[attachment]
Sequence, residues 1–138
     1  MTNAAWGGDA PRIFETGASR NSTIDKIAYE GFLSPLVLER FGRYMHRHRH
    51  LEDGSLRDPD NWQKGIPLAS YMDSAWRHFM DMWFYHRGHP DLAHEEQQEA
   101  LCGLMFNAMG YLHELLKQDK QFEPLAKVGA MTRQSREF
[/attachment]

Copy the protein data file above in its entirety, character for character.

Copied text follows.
Sequence, residues 1–138
     1  MTNAAWGGDA PRIFETGASR NSTIDKIAYE GFLSPLVLER FGRYMHRHRH
    51  LEDGSLRDPD NWQKGIPLAS YMDSAWRHFM DMWFYHRGHP DLAHEEQQEA
   101  LCGLMFNAMG YLHELLKQDK QFEPLAKVGA MTRQSREF